A City That Wakes Up At Bedtime!

Let’s talk about a city in East Africa that never sleeps, let’s talk about the lively people and the vibrant energy. Let’s talk about the Crazy Crazy daily nightlife in the city of the glorious Pearl of Africa, Kampala. One might ask themselves, how is it possible to keep the night activities alive and exciting every day of the week?

Since 77% of Uganda’s population is under the age of 25, Kampala city is predominantly inhabited and enjoyed by the younger population. Most of these decide to live in and around the city for purposes of convenience in terms of transportation, proximity to amenities and of course, being closer to exciting activities such as night-time amusement.

As earlier mentioned, the nightlife in Kampala is not tied to a specific day of the week. The Kampala nightlife thrives more towards the weekend and on Saturday especially, because people prefer to prepare for the week on Monday, Wrong!

People in Kampala can make merry every day, every night, Christmas Day, Easter, Eid or New Year’s, you can never worry that you will be out of season to take part in an activity or two!

I’ll take you on a trip of what a week of Kampala nightlife might look like. Sundays are usually times people spend with their loved ones. If it’s not a graduation party, it will be a birthday party, bridal shower, baby shower, a child’s christening celebration, or even just a get-together because it has been a while.

Some people like to celebrate at family homes and can go even deep into the night, while others prefer to go to a restaurant or hotel and reserve spots to celebrate. Of course, while this happens there will be other individuals in these places having a drink and sharing a laugh.

Restaurants and hotels can even close as late as midnight on Sunday. Occasionally some events extend till late such as Blankets and Wine events that are starting to return since their halt due to COVID-19.

Monday nights are known for cinemas and their mega price drops. A movie with a friend or a lover might be the extra kick to get your week going or a perfect way to recover from a long day at the office on Monday. Places to eat like Meza, at Acacia Mall are known to lower their Sharwama prices on Mondays, so they are sought after till closing time at the joint.

Kampala city by the night lights

Tuesdays and Thursdays are known to be the days where people get deals on two pizzas for one. What better excuse than this to catch up with a group of friends in the evening? Some lounges and bars also offer live band sessions at these places so people show up to groove along to the serenading voices. These days you can even enjoy Karaoke in certain bars and lounges on a good weekday or weekend night!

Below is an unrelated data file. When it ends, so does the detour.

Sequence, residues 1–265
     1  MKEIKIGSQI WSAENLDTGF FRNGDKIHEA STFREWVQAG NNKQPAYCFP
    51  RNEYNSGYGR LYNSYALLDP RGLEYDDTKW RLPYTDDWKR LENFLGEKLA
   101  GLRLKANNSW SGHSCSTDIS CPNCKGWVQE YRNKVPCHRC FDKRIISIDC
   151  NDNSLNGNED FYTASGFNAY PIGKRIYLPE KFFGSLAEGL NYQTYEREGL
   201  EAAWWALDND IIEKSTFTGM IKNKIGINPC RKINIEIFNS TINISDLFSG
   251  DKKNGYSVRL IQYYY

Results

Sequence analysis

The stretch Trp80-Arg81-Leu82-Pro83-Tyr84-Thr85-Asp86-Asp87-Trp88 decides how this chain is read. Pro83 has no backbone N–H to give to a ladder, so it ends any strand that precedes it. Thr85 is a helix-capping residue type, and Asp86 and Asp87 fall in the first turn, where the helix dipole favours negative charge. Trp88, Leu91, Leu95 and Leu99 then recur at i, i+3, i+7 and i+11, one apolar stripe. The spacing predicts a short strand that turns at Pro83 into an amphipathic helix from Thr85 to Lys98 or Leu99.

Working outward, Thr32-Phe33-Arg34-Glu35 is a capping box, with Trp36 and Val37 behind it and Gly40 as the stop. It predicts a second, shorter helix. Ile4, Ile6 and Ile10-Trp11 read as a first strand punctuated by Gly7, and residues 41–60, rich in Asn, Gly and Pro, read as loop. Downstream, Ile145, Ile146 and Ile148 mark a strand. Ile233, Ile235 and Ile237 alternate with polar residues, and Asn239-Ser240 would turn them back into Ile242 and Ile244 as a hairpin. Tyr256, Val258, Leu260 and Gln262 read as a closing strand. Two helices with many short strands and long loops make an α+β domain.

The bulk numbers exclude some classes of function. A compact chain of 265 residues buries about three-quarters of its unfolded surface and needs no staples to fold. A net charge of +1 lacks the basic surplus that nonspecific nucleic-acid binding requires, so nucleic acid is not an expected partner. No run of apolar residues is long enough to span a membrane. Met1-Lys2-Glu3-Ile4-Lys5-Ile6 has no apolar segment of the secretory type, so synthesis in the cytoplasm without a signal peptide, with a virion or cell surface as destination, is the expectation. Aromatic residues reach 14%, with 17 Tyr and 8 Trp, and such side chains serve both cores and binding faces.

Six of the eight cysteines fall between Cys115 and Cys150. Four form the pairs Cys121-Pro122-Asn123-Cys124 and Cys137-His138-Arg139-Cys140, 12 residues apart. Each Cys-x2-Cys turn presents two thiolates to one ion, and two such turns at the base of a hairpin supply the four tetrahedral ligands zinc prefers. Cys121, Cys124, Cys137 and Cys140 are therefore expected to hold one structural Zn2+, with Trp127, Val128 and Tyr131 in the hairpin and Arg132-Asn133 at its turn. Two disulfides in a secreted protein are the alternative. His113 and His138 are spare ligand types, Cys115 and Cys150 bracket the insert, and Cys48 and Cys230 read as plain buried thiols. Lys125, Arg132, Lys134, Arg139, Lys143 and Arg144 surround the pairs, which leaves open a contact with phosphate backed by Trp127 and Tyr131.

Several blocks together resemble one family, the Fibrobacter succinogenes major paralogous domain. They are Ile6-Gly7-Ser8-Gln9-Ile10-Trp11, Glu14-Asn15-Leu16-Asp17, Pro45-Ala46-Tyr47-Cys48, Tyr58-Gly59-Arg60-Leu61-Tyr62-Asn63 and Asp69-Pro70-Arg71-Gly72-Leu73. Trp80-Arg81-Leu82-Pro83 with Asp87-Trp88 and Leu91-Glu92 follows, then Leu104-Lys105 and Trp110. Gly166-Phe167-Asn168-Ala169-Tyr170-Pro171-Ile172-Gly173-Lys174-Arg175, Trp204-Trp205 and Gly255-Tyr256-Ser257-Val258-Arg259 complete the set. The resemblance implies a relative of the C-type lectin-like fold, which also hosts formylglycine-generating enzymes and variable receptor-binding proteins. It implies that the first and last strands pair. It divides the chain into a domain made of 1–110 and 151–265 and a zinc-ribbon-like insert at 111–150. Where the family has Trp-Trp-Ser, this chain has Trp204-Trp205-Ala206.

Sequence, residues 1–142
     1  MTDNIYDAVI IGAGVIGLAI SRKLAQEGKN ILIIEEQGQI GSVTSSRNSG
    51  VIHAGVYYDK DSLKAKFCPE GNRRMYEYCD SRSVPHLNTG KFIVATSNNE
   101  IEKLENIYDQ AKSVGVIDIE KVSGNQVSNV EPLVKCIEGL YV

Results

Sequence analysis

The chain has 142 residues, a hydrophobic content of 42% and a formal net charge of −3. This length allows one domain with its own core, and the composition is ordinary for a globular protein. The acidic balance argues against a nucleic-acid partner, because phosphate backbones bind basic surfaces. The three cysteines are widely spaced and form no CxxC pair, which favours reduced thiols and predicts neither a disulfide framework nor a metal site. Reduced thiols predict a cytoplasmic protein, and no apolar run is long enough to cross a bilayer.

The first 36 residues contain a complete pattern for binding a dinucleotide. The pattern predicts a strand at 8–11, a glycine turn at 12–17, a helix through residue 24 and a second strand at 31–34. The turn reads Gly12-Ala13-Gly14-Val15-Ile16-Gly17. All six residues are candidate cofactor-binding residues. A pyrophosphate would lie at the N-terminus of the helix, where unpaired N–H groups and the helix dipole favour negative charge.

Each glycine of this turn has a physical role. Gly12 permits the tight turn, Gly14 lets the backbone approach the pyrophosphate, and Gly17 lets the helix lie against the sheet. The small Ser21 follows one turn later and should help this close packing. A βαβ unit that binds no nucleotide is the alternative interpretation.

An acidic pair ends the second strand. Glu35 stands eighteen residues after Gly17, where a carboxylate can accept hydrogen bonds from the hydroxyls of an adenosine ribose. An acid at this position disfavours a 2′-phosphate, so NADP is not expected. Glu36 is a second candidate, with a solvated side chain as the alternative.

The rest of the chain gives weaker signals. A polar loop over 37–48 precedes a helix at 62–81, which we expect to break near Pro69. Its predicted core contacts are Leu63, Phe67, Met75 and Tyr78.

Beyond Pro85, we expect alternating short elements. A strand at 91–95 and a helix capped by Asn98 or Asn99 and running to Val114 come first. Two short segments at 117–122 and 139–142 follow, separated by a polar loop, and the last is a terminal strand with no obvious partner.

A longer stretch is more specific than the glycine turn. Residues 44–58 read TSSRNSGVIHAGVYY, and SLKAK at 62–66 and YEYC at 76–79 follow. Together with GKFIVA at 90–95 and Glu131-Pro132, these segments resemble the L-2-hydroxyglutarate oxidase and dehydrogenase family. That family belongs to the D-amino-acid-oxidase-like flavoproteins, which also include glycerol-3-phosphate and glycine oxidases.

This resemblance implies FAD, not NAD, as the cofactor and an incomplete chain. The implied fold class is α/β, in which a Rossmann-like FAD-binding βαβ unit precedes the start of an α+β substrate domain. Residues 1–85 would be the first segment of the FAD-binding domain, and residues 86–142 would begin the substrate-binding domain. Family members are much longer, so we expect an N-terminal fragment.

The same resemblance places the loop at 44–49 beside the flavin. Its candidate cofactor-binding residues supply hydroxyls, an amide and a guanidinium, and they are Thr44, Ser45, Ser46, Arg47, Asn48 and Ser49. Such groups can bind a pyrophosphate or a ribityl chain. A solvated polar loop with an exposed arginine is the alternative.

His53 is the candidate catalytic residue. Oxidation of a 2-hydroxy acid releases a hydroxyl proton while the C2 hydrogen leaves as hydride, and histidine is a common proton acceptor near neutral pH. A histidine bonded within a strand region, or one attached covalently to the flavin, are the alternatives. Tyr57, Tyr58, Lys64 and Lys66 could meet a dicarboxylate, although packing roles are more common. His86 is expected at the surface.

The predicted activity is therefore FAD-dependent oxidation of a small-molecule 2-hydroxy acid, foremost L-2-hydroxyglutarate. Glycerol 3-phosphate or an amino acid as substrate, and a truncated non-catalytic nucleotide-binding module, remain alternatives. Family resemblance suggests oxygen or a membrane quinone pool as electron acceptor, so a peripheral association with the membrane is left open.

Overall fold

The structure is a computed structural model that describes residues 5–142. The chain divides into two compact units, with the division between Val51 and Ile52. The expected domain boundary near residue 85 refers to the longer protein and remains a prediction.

Friday night is the climax of the week. The bars are in full action, the restaurants are packed to the overflow, and you might find it difficult to find a cosy corner table at the hotel you like to sit at during the week. People will go the extra mile and “dress nicely” when they get the chance to go out.

The streets in and around the city suburbs are usually packed to capacity as cars with people trying to get home from a busy day collide with those that wish to start their second part of the day with some enjoyment, paid for.

Saturday nights host the after-parties and dance parties as well as food-sharing sessions at wedding parties especially. People are never in a rush to get home after a wedding on Saturday in Kampala. Concerts are slowly returning as people get used to the fact that there is no more curfew as a result of the significant drop in the spread of COVID-19.

Keep your eyes and ears on the ground and social media because there will be an occasional silent disco event at a location like the University Hostel nightclub or a lounge. (If you came towards the end of the year, you could even be lucky to enjoy a carnival event or MTN’s famous Nyege Nyege that is held in Jinja.)

There may also be pop-up events such as Trekking Timmy’s “Chummy walkers” that will have you and the group walk for a cause or towards a goal like planting trees. If you are into the performing arts, a play at the Kampala National Theatre might also be something to suit your interest.

People are thrilled to be able to enjoy life out and about once again and the fun is only getting started. In Kampala today, we like to say, “Tuli Wawelu” meaning we are outside! Will you join us?